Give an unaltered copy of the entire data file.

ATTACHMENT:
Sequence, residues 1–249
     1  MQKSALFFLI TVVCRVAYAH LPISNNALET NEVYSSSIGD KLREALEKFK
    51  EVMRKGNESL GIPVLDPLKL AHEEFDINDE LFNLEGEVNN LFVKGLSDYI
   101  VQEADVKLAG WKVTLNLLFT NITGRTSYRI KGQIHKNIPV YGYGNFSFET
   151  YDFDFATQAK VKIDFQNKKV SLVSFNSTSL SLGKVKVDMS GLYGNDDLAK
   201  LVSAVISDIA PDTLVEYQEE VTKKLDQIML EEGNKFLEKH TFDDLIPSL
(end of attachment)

Sequence, residues 1–249
     1  MQKSALFFLI TVVCRVAYAH LPISNNALET NEVYSSSIGD KLREALEKFK
    51  EVMRKGNESL GIPVLDPLKL AHEEFDINDE LFNLEGEVNN LFVKGLSDYI
   101  VQEADVKLAG WKVTLNLLFT NITGRTSYRI KGQIHKNIPV YGYGNFSFET
   151  YDFDFATQAK VKIDFQNKKV SLVSFNSTSL SLGKVKVDMS GLYGNDDLAK
   201  LVSAVISDIA PDTLVEYQEE VTKKLDQIML EEGNKFLEKH TFDDLIPSL